Fueled for Thought By Joe O’Brien, Source North America Corporation
As the saying goes, most things worth doing in life are hard. Such is the case with the U.S. conversion to the global EMV (Europay, MasterCard and Visa) credit and debit payment standard.
As with any major migration to new technology, there has been some thorny feedback about the rollout of EMV in the United States. Many fuel retailers are grappling with the upgrade requirements — from both a logistics and financial perspective — while not reaping the full benefits of EMV’s PIN security, which has been delayed by most banks to help ease consumers into the technology through signature authentication first.
That notwithstanding, with the liability for fraudulent point-of-sale charges shifting from banks to retailers earlier this year, and liability for automated fuel dispensers set to shift to retailers in October of 2017, fuel retailers have much to gain from the EMV conversion. While it may seem as though retailers are being strong-armed into completing data security upgrades, the migration represents an opportunity for fuel sites to become more competitive over the long-term. By deploying additional strategic forecourt updates in conjunction with the EMV conversion, retailers can leverage branding enhancements, modern marketing strategies and efficient pump technology to significantly enhance the customer experience and, ultimately, increase both their sales volumes and margins.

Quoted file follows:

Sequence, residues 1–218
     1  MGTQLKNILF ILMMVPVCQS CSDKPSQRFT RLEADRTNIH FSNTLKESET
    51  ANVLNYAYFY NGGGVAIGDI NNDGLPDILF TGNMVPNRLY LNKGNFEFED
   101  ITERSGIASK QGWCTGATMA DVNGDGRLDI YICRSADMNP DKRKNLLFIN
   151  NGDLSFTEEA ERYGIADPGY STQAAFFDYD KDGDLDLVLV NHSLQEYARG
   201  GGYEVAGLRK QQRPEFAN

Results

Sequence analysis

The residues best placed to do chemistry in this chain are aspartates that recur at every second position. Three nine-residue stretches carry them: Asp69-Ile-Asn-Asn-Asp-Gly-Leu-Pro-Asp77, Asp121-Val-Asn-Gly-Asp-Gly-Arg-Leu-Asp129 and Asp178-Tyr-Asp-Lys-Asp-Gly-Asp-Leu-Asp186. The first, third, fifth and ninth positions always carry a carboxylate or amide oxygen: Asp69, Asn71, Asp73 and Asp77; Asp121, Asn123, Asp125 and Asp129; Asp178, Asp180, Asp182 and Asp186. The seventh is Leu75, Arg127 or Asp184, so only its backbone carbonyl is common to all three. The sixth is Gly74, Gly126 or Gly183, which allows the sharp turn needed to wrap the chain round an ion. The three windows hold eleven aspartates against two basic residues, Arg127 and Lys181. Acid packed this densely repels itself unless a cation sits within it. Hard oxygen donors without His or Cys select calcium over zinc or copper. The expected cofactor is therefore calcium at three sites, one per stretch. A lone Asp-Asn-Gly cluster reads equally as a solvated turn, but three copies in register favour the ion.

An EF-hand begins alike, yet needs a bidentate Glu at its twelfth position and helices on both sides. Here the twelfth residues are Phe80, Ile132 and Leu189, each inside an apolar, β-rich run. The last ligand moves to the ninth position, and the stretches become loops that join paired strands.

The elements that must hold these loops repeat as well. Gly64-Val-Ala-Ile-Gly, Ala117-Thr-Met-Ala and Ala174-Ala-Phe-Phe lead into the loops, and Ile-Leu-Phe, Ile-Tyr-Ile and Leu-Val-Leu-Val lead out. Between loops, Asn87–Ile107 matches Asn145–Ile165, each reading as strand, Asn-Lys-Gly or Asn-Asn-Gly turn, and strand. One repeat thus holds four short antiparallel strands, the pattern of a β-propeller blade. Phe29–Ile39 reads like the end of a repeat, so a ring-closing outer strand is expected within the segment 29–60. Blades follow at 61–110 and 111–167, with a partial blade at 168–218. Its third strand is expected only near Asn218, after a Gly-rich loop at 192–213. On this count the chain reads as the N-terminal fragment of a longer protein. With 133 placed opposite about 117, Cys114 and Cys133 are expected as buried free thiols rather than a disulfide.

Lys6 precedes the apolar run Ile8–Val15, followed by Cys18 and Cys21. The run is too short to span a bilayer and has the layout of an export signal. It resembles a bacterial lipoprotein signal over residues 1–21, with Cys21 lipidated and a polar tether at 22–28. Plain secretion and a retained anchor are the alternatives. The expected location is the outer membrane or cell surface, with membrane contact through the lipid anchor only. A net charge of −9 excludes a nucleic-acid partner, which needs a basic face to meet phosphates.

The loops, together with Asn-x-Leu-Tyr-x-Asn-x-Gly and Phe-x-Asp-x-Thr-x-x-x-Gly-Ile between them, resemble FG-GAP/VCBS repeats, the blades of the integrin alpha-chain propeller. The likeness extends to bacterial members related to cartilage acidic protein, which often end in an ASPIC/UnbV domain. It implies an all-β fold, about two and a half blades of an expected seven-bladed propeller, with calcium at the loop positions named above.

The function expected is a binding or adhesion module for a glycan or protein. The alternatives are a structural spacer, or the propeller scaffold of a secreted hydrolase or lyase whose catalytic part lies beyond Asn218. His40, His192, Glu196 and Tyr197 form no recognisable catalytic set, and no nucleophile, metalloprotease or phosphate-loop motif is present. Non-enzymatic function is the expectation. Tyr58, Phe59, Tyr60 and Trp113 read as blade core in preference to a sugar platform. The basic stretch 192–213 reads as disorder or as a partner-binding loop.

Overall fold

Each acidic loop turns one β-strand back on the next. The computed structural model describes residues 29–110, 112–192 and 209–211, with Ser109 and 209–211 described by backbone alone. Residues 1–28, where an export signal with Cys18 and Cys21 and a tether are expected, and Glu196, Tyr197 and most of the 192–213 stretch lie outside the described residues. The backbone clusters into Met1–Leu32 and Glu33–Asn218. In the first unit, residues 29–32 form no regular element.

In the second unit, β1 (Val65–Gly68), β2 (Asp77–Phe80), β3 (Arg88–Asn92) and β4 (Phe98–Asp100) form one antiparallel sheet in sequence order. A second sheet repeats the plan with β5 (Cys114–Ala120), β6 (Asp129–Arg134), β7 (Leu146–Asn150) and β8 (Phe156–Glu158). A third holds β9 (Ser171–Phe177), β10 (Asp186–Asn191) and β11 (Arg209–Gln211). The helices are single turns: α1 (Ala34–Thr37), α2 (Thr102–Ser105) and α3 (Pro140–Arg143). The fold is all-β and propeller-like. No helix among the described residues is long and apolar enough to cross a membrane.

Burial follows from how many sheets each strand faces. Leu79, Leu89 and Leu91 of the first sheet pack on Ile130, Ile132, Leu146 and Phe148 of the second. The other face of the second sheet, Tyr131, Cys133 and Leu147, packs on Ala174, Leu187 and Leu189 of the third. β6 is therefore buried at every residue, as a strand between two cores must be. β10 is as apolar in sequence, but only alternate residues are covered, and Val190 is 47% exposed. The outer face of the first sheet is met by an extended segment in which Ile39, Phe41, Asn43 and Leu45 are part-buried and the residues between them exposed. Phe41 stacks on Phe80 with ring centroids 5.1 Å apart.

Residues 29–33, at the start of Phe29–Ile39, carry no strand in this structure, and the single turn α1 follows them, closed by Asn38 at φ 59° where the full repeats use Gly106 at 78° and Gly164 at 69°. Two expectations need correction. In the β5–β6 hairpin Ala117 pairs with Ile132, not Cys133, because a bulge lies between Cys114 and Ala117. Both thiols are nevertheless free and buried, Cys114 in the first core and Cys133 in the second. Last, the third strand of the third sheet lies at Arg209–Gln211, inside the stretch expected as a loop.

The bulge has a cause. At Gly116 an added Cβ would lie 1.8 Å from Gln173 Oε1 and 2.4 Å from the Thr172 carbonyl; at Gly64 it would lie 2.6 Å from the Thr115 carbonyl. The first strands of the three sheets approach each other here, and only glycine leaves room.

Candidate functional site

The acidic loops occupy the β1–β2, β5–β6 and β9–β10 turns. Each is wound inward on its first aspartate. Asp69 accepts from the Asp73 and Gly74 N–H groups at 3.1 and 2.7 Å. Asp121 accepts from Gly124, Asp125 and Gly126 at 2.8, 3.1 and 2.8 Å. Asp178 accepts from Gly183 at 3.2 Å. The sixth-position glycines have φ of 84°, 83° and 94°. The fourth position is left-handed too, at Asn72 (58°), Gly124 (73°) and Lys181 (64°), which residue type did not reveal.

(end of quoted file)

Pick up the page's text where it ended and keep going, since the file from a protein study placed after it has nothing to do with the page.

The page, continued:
The ABCs of EMV
EMV leverages a computer chip on the front of payment cards to provide a more secure form of authentication than traditional magnetic stripe cards. It is projected that, over the long-term, the chip cards should substantially reduce credit card fraud in the United States. During the “Are You Prepared for EMV?” program presented at this year’s NACS Show, industry experts estimated that if the U.S. does not adopt stronger card data security measures, the U.S. could expect card fraud to increase by over 75% by 2020 — equating to billions of dollars in fraudulent charges.
Although EMV conversion is not legally required, banks and card-issuing financial institutions have taken a unified stance that they will no longer hold themselves liable for fraudulent card activity that takes place by non-EMV compliant systems. Retailers who don’t institute EMV technology put themselves at risk for costly chargebacks — and that risk will grow. Here’s why: card-skimming operations are expected to target non-EMV fuel sites aggressively in the coming months. As more EMV cards begin to circulate, experts overwhelmingly agree that criminals will turn their attention to the cards that present the path of least resistance (magnetic stripe cards). During the NACS program, the speakers projected that non-EMV sites could face an estimated $40,000 in losses due to fraud in the next five years.